It is my intention to blog about this next season at McKeel. However, I prefer the word journal or captains log verse blog... but either way, here we go.
It is just one day until tryouts.
Tryout week is a big week. I am always anxious to see what new talent has shown up, excited to see my old players return and curious to see who has decided not to play any more. This year I am particularly anxious for the new talent as many of my former club team players are trying out.
One day before tryouts and I don't feel as prepared as I want to and it seems like I am forgetting something. I have often wished this could be my full time job, how cool would that be?
Usually we have about 60 girls tryout. I expect we will have close to that amount this year also.
A few weeks ago. A parent got angry with me. They didn't like the position I was playing their child on the field. They thought he was a great forward, and perhaps he is, but I thought he was a better defender. Perhaps most importantly, a defender was what the TEAM needed. Here is a great article I wanted to share. I hope you will take the time to read it, because it is really good. I have copied the article below for those too lazy to use the link. Thanks to my assistant coach who sent me the link.
"I had a parent email me last week seeking advice for how to help her 10 year old son deal with the fact that the coach is playing him as a defender, whereas he’s usually played as a forward. It wasn’t clear to me from her email if the issue was hers or her son’s, so I (hopefully subtly) encouraged her to figure that out first.
I then tried to get the point across to the parent that BEING A TEAMMATE is being a member of a team and doing what is needed – being on the bench, being the goalkeeper, being the goal scorer, being the defender that stops the other team from scoring, or the weak sided midfielder that runs up and down the field all day and rarely receives the ball.
You get my point. Being on a team means you do what the team needs from you at that moment. Being a teammate means you play your heart out in whatever position you happen to be assigned. Just like a chess match, each position is essential to the proper performance of the team.
I get this. Or at least I thought I did.
“The way the game is educated, told, driven, we are still far away from real soccer nations,” Klinsmann told the Post. “The biggest educational problem is people think it's a coaches' game in the United States. It's not. It's a players' game.
“There's too much emphasis on telling people what to do.”
Crossing the ball is an essential part of the game. There are 4 different types of crosses and 3 different places to make crosses from.
These crosses are sent from before the 18 yard box....
As a young man there were several great people who helped me develop and grow. I can think of coaches, teachers and church youth leaders that all had positive impacts on my life. If I can, in some small way, have the same impact on the lives of those I coach, teach or mentor, I will feel like a huge success.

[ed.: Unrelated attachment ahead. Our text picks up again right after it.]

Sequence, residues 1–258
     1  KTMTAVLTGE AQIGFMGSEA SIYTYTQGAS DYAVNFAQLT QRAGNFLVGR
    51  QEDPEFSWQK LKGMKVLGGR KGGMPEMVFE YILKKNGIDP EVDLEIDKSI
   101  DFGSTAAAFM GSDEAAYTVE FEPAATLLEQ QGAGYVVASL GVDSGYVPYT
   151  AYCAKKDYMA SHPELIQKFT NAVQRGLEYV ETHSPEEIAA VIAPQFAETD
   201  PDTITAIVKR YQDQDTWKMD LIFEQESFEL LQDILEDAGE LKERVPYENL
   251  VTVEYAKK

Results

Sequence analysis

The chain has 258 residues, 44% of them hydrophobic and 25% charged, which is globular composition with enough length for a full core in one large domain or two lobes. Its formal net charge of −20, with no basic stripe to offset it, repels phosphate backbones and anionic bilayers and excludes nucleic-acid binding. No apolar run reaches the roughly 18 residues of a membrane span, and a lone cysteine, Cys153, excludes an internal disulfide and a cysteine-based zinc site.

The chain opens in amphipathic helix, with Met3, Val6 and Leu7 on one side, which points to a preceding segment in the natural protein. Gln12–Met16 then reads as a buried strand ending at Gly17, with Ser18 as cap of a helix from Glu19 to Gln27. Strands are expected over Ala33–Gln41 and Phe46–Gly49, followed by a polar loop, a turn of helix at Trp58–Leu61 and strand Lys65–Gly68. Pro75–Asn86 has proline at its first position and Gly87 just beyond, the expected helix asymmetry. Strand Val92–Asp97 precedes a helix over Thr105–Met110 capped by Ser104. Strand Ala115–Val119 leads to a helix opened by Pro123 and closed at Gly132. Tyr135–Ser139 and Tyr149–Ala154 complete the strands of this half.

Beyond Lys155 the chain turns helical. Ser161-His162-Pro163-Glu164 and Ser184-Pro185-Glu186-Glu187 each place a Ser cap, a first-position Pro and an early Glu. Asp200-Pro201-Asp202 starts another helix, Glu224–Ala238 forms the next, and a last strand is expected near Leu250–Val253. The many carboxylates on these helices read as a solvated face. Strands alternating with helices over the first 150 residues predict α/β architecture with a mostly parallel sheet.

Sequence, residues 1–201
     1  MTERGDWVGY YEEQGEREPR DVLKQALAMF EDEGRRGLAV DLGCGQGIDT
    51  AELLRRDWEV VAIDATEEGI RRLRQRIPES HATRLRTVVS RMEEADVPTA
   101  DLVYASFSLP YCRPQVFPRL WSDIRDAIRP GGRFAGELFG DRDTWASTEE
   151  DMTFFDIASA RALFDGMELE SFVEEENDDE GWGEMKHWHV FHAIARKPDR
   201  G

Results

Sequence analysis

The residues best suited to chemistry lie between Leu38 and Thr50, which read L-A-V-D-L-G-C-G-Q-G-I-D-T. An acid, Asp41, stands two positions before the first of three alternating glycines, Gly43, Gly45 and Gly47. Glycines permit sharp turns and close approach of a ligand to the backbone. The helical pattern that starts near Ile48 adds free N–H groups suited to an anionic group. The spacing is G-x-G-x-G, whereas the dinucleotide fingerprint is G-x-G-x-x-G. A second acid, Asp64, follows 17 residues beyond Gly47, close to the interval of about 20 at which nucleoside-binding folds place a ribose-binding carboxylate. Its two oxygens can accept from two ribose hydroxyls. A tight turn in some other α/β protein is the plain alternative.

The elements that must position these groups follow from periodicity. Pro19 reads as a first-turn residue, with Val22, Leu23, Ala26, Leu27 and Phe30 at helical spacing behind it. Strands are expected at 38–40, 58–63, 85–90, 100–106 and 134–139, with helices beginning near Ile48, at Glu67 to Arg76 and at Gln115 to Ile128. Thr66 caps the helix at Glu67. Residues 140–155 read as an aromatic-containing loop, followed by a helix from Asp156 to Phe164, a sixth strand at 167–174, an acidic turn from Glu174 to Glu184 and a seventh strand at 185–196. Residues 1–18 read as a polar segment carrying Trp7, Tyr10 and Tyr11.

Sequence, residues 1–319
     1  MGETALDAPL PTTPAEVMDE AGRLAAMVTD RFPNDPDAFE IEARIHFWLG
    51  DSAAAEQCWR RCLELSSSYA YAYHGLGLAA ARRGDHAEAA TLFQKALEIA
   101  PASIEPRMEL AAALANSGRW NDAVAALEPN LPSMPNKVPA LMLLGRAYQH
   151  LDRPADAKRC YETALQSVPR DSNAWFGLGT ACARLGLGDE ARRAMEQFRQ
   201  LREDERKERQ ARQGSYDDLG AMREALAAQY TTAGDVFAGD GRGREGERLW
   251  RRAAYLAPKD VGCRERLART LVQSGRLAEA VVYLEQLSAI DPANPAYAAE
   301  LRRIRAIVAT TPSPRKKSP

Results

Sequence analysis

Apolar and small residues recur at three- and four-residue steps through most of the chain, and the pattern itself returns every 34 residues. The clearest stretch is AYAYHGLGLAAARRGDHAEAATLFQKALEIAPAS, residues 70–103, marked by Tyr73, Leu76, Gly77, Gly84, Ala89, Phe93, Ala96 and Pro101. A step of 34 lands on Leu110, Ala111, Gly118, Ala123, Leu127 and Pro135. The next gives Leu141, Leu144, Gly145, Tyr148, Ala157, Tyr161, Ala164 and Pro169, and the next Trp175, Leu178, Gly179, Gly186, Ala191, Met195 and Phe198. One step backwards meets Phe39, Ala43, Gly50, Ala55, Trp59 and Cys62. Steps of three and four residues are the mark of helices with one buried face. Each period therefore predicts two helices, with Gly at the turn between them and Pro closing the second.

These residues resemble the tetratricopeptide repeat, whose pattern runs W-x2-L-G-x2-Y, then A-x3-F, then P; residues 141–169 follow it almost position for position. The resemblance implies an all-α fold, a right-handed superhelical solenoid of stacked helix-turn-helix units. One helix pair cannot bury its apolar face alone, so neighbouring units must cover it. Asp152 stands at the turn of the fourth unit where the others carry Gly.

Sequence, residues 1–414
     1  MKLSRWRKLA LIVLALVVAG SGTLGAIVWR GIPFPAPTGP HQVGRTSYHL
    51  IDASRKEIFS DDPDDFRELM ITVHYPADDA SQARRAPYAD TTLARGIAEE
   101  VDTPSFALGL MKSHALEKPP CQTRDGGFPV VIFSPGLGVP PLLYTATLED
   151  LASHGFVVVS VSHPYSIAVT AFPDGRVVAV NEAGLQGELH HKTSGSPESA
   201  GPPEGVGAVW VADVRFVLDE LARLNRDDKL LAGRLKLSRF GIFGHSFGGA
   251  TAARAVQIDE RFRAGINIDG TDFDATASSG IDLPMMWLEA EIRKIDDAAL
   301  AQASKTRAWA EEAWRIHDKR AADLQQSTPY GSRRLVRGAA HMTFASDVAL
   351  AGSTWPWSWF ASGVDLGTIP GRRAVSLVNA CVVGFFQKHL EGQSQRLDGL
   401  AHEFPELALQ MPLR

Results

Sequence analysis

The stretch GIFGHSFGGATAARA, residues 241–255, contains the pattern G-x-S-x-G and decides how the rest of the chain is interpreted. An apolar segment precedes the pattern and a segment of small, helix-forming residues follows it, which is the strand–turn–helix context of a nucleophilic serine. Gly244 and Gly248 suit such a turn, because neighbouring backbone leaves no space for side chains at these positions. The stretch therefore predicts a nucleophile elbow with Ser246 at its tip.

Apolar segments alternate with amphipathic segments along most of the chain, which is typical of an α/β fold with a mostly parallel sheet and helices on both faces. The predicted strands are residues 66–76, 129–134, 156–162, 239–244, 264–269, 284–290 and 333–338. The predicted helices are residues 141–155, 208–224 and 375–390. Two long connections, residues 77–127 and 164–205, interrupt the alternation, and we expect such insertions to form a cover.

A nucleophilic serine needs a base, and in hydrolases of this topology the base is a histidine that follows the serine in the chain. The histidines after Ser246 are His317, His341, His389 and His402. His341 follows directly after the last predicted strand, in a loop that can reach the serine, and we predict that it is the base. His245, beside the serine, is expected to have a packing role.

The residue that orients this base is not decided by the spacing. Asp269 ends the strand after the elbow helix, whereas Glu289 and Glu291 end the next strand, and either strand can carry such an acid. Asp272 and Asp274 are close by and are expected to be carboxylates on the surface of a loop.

Being remembered at the time of big events in peoples lives is probably one of the best ways my former players, students, and youth can show their appreciation. I recently got these two wedding announcements/invitations in the mail and I am so happy for both of them. Staci Sokolski played for me at McKeel for 5 years and recently contacted my about helping with fund raising this next season. Caroline McKendrick played for me one season at LFC, her and her family have been family friends for years. These two ladies are such great people, devout in their faith, hard working in their effort and fun to be around. I am so grateful to receive these announcements in the mail and proud of these girls for the decisions they are making.
At some point in your soccer career you are going to get angry or frustrated with your coach, team, or situation. It could be for any reason; maybe you think the they are not good, maybe you don't like the position the coach is playing you, maybe you aren't playing as much as you would like, maybe you didn't make the team you wanted, maybe... well, you get the idea. At some point you will be unhappy about something.
In situations like this I encourage players and parents to think about why they are playing soccer in the first place. What do you want from the game? Are you playing for fun or do you have some competitive aspirations like making the varsity team, earning a starting position or post high school play? Knowing why you are playing club, high school or recreational soccer will help you keep a healthy perspective on what's going on on the field or in practice.
There are 3 basic ways to train. First, you can train with your team usually, this happens 2-3 times a week. Second, you can train by yourself, this should happen daily if you have big goals for yourself (starting for a High School team) or 2-3 times a week if you just enjoy playing. Third, you can train privately with a coach in a one on one setting. I believe this is an important part of your training routine. The one on one session can provide the direct feed back on simple mistakes that you maybe making. To see the best results from one on one sessions they must be regular!